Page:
STOP NEW COAL MINING TO SAFE-GUARD LIVING ORGANISMS INTO WATER BODIES


By Andrew Kuchonjoma – Songea

Coal mining at Ruvuma Region in Tanzania is a silent killer of living organisms into water bodies such as in Lake Nyasa. 


The government of Tanzania should be congratulated for discontinuing transportation of coals by using ships, boats and any kind of transportation across Lake Nyasa in order to conserve and control water pollution and to safeguard living organisms into water bodies. 

The government stopped transportation of coals after detecting that, minerals when touching water, tends to create poison which kills living organisms into water including fish which were found dead and float over the water surface at Lake Nyasa in 2013 

Most of Tanzanians do not know that, coal mining has negative impact in environmental aspects if its extraction conducted locally or without regarding precautions on environmental aspects. 

Before, in Ruvuma Region if not in Tanzania, nobody thought that coals can lead to damages or death of living organisms into water bodies till the episode occurred when fish started to die and float over the water surface of Lake Nyasa in 2013. 

Majority around Lake Nyasa were not aware if the incident caused by coals which dropped into water by ships during transportation of it across the lake towards Malawi and Itungi Port at Kyela in Mbeya Region. 

As a results most of people said the incident was due to the rapid movement of current water underground of the Lake and others believed that was superstition done by some aged people around the Lake Nyasa and some of them argued that was poison immersed in Lake Nyasa by the Government of Malawi who claimed that Lake is belongs to them. 

So, that rumors was spread all over the Ruvuma Region and fishermen stopped fishing temporally and people in Ruvuma disagreed to eat fish from Lake Nyasa because of their wrong perceptions. Remember by that time the government of Tanzania and Malawi under President Joyce Banda were not in a good term due to misunderstanding of the country’s borders. 

Therefore, I went to investigate at Lake Nyasa and it was true that fish were dying and float over the water surface while besides Lake Nyasa at Ndumbi area I found a bulk of coal which has been set aside ready for transportation. Luck enough, at the ground of the Lake, I found pieces of coals which was fallen down during shipping and the water looked black in colour. 

Hence, I went back home at Songea town and I made a call to geologist Eng. Emmanuel Nyamusika who was working at MANTRA company dealing with Uranium extraction at MkujuNamtumbo Ruvuma in order to get a scientific clarifications of coals.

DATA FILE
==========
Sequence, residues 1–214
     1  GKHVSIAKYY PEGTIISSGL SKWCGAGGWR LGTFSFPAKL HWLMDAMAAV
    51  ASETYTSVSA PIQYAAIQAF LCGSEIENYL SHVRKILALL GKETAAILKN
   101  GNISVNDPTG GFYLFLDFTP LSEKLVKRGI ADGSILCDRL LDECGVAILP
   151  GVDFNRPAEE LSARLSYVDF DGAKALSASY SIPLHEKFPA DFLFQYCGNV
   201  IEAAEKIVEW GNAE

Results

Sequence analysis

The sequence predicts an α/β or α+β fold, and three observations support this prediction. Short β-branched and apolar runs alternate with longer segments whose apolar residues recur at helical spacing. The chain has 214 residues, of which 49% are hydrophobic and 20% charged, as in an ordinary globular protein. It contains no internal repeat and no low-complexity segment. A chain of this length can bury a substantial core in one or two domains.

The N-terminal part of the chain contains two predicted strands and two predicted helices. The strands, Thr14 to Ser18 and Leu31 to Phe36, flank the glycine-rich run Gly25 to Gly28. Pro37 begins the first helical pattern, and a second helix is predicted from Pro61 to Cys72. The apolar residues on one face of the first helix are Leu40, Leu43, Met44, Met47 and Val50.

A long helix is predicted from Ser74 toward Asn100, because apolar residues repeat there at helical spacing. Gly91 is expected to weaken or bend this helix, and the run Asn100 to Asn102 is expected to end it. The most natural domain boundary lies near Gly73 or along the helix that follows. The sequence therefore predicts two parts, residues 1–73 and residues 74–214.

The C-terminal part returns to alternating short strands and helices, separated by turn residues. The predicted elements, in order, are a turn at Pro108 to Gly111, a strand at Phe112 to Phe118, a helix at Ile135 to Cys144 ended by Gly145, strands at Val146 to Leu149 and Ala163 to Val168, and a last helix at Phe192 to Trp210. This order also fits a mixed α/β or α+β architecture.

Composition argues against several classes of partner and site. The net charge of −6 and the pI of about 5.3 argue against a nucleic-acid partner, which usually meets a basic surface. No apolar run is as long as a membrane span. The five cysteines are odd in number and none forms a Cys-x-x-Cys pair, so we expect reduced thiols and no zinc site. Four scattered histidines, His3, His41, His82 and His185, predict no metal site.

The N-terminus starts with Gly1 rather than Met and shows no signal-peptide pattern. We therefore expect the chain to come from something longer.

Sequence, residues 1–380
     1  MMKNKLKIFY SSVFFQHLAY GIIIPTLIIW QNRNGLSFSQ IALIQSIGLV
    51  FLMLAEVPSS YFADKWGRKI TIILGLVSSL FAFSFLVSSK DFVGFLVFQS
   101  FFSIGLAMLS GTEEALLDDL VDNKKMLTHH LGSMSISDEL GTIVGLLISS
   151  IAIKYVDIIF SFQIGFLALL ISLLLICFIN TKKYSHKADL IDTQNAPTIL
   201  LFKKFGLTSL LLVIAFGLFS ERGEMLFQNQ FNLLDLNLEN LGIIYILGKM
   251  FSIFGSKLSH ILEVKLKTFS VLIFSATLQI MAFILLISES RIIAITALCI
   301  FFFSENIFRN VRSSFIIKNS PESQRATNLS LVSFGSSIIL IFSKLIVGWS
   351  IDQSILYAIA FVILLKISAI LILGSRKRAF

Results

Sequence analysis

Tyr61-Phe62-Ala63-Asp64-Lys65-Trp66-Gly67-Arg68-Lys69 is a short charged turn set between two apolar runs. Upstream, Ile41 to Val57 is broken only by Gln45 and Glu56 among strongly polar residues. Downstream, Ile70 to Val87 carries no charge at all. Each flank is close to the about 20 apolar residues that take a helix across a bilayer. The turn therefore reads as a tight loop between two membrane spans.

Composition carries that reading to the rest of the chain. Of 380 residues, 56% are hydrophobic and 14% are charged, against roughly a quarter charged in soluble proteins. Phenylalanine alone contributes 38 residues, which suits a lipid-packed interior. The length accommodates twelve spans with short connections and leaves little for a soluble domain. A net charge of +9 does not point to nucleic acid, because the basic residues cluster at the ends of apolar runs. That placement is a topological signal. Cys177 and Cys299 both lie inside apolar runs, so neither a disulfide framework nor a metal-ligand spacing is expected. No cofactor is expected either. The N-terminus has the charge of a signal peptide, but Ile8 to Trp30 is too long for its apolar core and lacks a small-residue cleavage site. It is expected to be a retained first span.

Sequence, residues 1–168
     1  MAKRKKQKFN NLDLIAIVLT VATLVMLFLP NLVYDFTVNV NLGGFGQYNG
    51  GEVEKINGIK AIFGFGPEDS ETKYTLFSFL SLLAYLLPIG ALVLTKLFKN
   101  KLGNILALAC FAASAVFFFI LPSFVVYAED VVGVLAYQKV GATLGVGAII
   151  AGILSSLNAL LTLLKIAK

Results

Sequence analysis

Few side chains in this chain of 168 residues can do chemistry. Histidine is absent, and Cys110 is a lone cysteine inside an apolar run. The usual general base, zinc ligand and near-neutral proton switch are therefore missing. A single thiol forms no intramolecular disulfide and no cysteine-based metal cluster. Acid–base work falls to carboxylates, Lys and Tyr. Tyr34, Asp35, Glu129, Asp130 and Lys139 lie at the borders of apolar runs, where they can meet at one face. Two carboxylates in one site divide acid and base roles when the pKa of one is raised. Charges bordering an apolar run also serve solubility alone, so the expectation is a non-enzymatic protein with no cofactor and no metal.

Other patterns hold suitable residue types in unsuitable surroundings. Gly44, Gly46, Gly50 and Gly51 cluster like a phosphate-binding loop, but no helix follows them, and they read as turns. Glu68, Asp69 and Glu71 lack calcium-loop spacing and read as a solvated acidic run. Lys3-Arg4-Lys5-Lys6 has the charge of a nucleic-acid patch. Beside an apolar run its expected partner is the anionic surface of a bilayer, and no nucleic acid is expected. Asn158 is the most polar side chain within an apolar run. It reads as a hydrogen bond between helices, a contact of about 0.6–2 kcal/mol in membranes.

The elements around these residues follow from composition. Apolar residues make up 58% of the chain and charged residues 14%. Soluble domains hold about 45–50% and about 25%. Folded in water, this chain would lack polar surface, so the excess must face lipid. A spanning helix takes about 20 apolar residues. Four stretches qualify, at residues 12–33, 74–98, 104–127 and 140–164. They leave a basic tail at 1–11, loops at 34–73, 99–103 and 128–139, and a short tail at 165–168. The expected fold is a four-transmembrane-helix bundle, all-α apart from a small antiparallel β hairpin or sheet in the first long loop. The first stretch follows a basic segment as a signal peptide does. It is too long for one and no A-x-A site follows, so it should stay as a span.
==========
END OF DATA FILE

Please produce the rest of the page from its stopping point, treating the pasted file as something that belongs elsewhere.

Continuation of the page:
Nyamusika said, during extraction of coal there other types of minerals found within, such as Pyrites and coal mining activities have exposed rocks containing the sulphur-bearing mineral pyrite. Pyrite reacts with air and water to form sulphuric acid which cannot support fish communities in water such as in Lake Nyasa. 

Apart from Pyrites there are Coal sludge, also known as slurry, is the liquid coal waste generated by washing coal. It is typically disposed of at impoundments located near coal mines, but in some cases it is directly injected into abandoned underground mines. Since coal sludge contains toxins, leaks or spills can endanger underground and surface waters. 

One of the most serious environmental concerns associated with coal mining is the production of acid mine drainage. Coal mining exposes sulfur-bearing minerals to atmospheric oxygen and water. Pyrite is the principal source of acid production in coal spoils (Rose and Cravotta, 1998). Concerns associated with acidic coal-mine drainage include sedimentation of chemical precipitates, soil erosion, and loss of aquatic habitats in contact with waters with high metal loads (Williams et al., 2002). A bimodal distribution of coal-mine drainage has been observed, with acidic (pH 3–5) and near-neutral (pH 5–7) pH values (Brady et al., 1997). 

So, up to the moment the bulk of coal which has been set aside Lake Nyasa is still there and during the rainy season coal flow towards Lake Nyasa although the National Environmental Monitoring Council (NEMC) this year (2018) ordered the TANCOAL Mining Company to remove it immediately for the sake of rescuing living organisms in Lake Nyasa and people along the lake who use water for home consumption. 

When a Journalist of this article asked Manager of TANCOAL Mining Company David Kamenya said it is true that the bulk of coal are still there but there are in process of removing them because they are waiting for the bidder to start removing them and sand back to the camp of TANCOL Company at Ngaka Mbinga in Ruvuma Region.. 

The government of Tanzania must cut across to make sure that, the bulk of that coal found at Ndumbi area are removed as soon as possible for the sake of rescuing the life of people, aquatic organisms, flora and environment in general. 


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